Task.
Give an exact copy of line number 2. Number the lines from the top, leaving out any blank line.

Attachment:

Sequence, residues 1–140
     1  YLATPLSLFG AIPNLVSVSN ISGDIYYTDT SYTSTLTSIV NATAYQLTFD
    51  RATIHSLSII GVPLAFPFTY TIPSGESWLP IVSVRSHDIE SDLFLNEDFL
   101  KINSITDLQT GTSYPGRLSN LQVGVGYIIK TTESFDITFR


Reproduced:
     1  YLATPLSLFG AIPNLVSVSN ISGDIYYTDT SYTSTLTSIV NATAYQLTFD